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Abnormal Psychology

The subfield of psychology concerned with the study of abnormal behavior.

Abnormal behavior is defined as behavior that is considered to be maladaptive or deviant by the social culture in which it occurs. Though disagreement exists regarding which particular behaviors can be classified as abnormal, psychologists have defined several criteria for purposes of classification. One is that the behavior occurs infrequently and thus deviates from statistical norms. Another is that the behavior deviates from social norms of acceptable behavior. A third is that the behavior is maladaptive, that it has adverse affects on the individual or on the individual's social group. Lastly, abnormality may be defined based on the subjective feelings of misery, depression, or anxiety of an individual rather than any behavior he exhibits.

The Diagnostic and Statistical Manual of Mental Disorders, 4th edition (DSM-IV), is a classification system of abnormal behaviors which aids psychologists and other mental health professionals in diagnosing and treating mental disorders. DSM-IV includes the major categories of abnormal behavior which are anxiety disorders, such as obsessive-compulsive disorders and phobias; affective disorders, which are disturbances of mood such as depression; schizophrenic disorders, which are characterized by major disturbances in personality and distortion of reality; and various personality disorders.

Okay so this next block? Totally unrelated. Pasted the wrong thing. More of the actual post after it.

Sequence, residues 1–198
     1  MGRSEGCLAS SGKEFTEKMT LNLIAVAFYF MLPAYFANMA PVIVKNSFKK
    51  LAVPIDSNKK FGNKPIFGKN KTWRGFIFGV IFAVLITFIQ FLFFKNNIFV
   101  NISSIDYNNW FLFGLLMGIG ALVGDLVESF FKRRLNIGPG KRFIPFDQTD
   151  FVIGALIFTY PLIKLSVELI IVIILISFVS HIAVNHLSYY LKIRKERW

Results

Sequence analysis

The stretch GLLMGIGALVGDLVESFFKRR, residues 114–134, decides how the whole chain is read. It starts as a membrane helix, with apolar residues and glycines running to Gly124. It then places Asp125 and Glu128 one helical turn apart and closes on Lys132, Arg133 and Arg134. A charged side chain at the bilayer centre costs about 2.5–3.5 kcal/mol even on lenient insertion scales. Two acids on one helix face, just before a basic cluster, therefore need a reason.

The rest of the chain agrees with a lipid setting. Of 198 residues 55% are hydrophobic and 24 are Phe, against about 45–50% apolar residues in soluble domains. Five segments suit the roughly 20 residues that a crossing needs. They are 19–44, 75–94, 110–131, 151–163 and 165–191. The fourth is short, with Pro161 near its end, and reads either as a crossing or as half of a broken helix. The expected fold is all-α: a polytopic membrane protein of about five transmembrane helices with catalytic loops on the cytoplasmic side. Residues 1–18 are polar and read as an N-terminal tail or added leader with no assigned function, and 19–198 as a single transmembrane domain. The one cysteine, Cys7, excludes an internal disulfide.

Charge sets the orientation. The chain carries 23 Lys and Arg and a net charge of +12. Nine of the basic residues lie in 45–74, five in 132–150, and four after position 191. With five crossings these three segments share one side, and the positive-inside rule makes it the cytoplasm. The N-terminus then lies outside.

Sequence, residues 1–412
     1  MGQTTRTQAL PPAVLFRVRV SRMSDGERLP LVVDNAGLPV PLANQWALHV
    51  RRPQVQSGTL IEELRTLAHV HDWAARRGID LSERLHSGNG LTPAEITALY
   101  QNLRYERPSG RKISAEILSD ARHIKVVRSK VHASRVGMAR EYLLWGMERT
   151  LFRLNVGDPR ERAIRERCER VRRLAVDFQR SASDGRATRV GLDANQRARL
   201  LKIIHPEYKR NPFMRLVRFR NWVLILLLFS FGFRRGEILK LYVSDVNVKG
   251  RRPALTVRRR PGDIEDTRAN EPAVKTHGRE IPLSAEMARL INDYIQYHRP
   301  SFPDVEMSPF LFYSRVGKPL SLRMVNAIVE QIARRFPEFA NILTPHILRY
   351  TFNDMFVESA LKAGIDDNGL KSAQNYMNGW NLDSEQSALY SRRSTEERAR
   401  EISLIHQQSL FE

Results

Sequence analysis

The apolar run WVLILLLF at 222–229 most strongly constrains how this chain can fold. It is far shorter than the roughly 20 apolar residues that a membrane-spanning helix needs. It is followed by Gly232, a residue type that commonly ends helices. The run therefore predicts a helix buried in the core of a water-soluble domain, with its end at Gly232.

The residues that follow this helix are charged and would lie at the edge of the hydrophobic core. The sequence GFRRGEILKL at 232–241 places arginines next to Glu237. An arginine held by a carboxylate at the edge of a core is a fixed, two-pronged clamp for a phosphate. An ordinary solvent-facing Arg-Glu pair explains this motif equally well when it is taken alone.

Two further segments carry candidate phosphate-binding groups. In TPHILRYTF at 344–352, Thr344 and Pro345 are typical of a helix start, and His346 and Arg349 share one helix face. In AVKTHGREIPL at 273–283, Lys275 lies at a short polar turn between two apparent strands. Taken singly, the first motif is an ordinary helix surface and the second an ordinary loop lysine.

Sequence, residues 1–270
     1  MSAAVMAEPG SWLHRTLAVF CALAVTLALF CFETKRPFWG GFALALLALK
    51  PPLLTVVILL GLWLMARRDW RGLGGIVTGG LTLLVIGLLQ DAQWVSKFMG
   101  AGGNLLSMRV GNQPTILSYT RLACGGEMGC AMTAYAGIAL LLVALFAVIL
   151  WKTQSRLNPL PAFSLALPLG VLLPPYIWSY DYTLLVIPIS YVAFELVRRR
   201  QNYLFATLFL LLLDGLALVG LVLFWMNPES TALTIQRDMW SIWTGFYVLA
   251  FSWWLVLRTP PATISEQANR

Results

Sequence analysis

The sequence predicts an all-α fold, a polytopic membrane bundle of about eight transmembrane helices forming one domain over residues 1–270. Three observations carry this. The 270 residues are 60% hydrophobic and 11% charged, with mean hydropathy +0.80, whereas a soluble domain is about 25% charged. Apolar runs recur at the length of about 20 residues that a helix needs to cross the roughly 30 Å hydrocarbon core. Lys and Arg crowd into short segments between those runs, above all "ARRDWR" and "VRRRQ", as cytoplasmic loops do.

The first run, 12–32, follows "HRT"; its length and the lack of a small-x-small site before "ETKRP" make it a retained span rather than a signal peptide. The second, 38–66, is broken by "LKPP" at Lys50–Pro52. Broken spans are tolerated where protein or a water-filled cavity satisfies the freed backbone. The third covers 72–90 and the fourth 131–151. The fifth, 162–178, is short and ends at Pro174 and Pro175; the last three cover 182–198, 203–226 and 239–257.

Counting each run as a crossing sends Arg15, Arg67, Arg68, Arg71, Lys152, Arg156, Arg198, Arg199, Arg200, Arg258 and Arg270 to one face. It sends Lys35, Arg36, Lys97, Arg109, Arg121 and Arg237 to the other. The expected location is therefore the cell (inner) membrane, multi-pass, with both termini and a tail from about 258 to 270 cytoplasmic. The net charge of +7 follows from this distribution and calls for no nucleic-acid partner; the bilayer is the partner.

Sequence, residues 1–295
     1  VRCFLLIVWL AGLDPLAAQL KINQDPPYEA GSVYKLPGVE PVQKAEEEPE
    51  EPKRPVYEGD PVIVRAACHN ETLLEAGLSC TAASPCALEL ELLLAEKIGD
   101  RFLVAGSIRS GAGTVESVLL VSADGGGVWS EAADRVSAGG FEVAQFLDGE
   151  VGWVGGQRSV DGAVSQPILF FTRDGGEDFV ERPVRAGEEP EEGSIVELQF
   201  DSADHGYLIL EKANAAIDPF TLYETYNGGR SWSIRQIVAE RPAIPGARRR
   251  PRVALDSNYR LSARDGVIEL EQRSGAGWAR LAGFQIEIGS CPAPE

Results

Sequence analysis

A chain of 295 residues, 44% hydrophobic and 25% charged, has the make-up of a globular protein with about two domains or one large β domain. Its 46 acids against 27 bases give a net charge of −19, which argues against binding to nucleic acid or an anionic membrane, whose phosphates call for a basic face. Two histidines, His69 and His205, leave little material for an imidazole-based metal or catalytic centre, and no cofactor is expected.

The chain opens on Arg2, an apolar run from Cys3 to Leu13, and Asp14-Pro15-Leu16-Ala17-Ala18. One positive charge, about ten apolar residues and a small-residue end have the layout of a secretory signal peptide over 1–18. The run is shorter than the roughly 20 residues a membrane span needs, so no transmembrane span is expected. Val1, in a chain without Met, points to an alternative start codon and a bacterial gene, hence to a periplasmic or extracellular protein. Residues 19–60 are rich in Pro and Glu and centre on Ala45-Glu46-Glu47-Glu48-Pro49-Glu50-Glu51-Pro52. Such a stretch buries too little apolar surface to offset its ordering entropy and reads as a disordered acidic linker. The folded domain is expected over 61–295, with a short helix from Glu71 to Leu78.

While psychologists use similar criteria to diagnose abnormal behavior, their perspectives in understanding and treating related disorders vary greatly. For instance, a psychologist with a psychoanalytic approach would explain depression as a reaction to loss, worsened by anger turned inward. A behavioral psychologist would assume a lack of positive reinforcement to be a significant cause in the disease. A cognitive theorist would focus on the negative thought patterns and attitudes of an individual in contributing to his depression. And a psychologist with a biological perspective would consider a chemical imbalance in the nervous system of a depressed individual to be responsible for his disorder. Many studies have shown that a number of these factors may come into play in the life of an individual suffering from a mental disorder characterized by abnormal behavior.

Further Reading

Oldham, John M. The New Personality Self-Portrait. New York: Bantam, 1995.

Personality Disorders and the Five-Factor Model of Personality. Washington, DC: American Psychological Association, 1994.

Additional topics

Psychology EncyclopediaBranches of Psychology